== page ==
Diversity Abounds Under Muslim Rule
arrival of Muslims in Iberia in 711 CE created ethnic and
religious persity unknown elsewhere in Europe.
At the time of conquest, the majority of the population was
Christian. This native Christian population was largely
Romanized. They governed according to the Germanic customs
of the Visigoths. Meanwhile, small Jewish communities
inhabited such key cities as Toledo and Córdoba.
With the extension of Umayyad rule to Al-Andalus, Christians
and Jews were accorded the customary dhimmi, status,
with certain legal protections and obligations in exchange
for a poll tax collected annually.
The Arabs and Amazighs (Berbers) who conquered the peninsula were
members of organized tribes. They tended to settle in Iberia
as intact groups.
The Arabs were fewer in number but formed the cultural
elite. They also exercised the most power in Andalusi
society. They often settled in the cities and acquired the
best farmlands from the Visigothic elites they overthrew.
The Amazighs (Berbers) outnumbered the Arabs but were relatively new
converts to Islam and subordinate to them politically. They
typically were given land in the countryside and in
mountainous regions, where they could continue their
As soldiers and officials began adapting to settled life,
they established trades, raised crops, and interacted with
the local populace with increasing frequency. They sought
familial alliances and marriage with Hispani-Roman women.
Conversely, many local families sought upward mobility. They
searched for a connection to the new arbiters of cultural
and economic power.
Christians retained their faith but increasingly adopted
Arabic language and Muslim customs. They came to be called Mozarabs. Their
daughters often bridged the social worlds of the rulers and
New Muslim immigrants also spurred interaction and
intermarriage. For many decades, bureaucrats, scholars,
merchants, and artists made their way to Al-Andalus from
Egypt, Syria, Persia, and other eastern lands. They were
pioneers seeking their fortunes in a distant land that had
quickly acquired a reputation for beauty and abundance.
The Umayyad caliphate's decline allowed ethnic rivalries to
flare up. This downturn ushered in the Era of the Petty
Kings. Yet, despite the political fragmentation, Islamic
Spain's population at large came to share a distinct
culture, which they regarded as uniquely Andalusi. This
shared culture included Andalusi Jews and Christians.
the late 11th century on, the Christian resurgence and
conquest placed large numbers of Muslims and Jews under
Christian rule. Initially, they accorded religious
minorities respect, legal protection, and a high degree of
However, the provisions for Jews and Muslims eroded over
time. Christian leaders increasingly equated religious
difference with cultural difference, no matter what level of
acculturation. Within their mindset, the moro [Arab or Amazigh (Berber)] and the cristiano (a Christian) were divided into distinct religious and cultural categories that were difficult to bridge.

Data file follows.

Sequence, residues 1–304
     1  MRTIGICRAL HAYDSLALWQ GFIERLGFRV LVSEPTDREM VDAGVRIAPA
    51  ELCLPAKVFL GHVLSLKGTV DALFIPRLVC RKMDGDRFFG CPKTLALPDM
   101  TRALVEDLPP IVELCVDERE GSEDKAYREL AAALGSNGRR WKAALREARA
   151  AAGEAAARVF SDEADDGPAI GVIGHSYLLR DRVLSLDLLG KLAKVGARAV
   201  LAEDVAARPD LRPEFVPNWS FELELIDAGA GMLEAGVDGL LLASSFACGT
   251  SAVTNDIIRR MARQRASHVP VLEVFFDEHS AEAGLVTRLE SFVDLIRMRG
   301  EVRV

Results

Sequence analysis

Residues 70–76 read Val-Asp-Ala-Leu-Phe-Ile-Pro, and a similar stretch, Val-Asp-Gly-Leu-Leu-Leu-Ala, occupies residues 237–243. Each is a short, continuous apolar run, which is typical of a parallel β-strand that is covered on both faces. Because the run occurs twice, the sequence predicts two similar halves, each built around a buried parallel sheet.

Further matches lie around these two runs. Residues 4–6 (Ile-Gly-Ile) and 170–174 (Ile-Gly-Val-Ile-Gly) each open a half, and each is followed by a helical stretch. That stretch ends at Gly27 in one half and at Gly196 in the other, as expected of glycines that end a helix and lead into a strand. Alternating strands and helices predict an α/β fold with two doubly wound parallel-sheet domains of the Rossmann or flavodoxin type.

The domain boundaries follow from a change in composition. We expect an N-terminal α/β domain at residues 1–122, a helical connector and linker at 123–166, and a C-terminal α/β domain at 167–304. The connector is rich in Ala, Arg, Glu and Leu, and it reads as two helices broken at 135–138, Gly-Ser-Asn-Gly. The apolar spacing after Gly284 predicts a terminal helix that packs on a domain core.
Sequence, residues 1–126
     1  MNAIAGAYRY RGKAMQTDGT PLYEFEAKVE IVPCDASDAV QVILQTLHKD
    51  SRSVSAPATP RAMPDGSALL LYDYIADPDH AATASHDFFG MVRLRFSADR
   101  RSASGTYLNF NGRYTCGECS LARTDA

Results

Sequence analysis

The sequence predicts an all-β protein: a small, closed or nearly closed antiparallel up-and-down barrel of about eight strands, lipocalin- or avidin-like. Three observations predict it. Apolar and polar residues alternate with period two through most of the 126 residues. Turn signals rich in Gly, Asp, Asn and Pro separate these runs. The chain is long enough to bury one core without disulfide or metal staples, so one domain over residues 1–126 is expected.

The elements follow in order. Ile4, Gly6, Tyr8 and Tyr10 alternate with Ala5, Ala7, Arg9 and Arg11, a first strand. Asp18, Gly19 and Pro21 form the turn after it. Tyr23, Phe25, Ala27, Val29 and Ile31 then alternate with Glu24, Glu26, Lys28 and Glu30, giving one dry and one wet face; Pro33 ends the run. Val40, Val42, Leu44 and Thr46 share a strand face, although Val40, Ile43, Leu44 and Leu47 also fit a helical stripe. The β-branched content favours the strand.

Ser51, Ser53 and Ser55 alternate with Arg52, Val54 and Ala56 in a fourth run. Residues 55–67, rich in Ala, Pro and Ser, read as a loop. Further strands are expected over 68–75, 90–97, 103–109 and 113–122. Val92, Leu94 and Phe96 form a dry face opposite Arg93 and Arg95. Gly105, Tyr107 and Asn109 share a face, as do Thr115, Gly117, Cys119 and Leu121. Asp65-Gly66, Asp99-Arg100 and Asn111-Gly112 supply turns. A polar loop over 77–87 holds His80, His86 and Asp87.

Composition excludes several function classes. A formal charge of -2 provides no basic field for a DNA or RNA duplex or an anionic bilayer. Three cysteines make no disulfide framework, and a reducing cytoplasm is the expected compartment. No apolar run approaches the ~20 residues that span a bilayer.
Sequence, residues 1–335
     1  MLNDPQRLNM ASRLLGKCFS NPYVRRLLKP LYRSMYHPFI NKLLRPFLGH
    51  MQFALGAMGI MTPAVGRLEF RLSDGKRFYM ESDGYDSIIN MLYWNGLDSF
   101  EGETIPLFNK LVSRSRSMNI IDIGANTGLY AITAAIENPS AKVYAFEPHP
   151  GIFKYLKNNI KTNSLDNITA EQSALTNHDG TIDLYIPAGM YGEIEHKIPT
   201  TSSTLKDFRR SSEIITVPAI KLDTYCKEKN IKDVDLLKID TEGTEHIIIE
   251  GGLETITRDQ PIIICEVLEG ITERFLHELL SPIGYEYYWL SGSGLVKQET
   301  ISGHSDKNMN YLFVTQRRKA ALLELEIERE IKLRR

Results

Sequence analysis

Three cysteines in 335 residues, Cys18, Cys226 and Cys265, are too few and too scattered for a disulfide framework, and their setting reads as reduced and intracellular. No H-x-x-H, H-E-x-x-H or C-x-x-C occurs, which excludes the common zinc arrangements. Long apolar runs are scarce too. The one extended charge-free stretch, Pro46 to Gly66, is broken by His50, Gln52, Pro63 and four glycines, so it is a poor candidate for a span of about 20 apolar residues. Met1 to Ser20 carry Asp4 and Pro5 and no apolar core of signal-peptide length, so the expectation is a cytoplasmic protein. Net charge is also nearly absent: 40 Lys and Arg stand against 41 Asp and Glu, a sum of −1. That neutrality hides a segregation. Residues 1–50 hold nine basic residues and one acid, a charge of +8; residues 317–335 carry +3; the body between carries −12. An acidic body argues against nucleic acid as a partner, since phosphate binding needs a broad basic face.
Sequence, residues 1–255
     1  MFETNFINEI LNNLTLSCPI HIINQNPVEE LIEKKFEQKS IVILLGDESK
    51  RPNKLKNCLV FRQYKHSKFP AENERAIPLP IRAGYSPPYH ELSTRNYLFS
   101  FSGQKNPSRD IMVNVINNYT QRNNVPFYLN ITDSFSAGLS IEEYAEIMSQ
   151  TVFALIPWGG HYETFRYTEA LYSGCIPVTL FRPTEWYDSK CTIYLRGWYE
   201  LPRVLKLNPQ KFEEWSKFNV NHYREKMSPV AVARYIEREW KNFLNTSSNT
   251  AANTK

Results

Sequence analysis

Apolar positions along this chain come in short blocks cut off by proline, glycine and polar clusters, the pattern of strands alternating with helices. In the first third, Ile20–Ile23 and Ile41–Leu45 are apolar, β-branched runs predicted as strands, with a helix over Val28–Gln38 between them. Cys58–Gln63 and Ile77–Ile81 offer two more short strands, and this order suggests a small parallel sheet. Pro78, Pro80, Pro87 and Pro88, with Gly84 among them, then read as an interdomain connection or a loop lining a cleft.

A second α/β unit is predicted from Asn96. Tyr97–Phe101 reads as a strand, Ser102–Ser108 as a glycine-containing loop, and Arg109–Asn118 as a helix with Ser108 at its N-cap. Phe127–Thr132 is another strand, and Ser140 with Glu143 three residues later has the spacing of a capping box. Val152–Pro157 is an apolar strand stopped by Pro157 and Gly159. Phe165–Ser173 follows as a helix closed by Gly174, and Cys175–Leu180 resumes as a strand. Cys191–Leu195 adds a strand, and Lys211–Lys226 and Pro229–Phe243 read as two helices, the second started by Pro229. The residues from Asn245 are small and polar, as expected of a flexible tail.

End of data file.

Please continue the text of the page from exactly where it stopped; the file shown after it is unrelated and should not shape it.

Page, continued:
In sharp contrast, in Al-Andalus, it was often difficult to
distinguish between Christian, Jew, and Muslim. Thus, the
safeguards afforded to the "People of the Book" remained
largely in effect.
Competition among Christian
kingdoms drove them to push relentlessly southwards into Muslim
territory, a movement which was given historical justification as a reconquest of lands which were rightfully Christian. As
Christian society grew more sophisticated and numerous, minorities came
to be increasingly marginalized, legally, socially, and
By the 1300s, it
was increasingly common for non-Christians to be restricted to certain
neighborhoods and banned from practicing many professions, such as
medicine. Public manifestations of their faith came to be forbidden.
They became targets of popular violence in times of tension or during
important religious festivals. They were obliged by law to wear special
items of clothing or hairstyles, which marked them off from the
Christian majority, in order to prevent accidental social and religious
contamination. Such marginalization, coupled with aggressive missionizing -- and occasional violence -- prompted many Jews to
convert under duress, while Muslims tended to close ranks.
Christian reactionism against the converts and suspicion of their
motives prompted the establishment of the Inquistion and the
establishment of blood purity laws. In an effort to solve the
false-convert problem all of the Jews of Castile and Aragon were
ordered to become Christian or face expulsion in 1492.
Between 1502 and 1525, the increasingly isolated and reactionary Muslim
population was ordered to convert. The descendents -- numbering some
300,000 -- were expelled en masse to North Africa between 1609 and 1613
for resisting integration and rebelling against their ever-more
Since the death of General Francisco Franco, Spain has
adopted a liberal democratic outlook. Franco served as the
country’s head of state from the end of the Civil War in 1939 until 1975. Spain
also has become an increasingly important participant in
Many Spaniards exhibit a spirit of openness and pride in
their rich heritage, particularly in Andalucia. There,
inhabitants continue to trace their roots, family and
cultural, to the time of the Muslims centuries ago. What's
more, new communities of Jews and Muslims in Spain are
shaping and challenging the modern state’s views of its past
and its vision for a pluralistic future.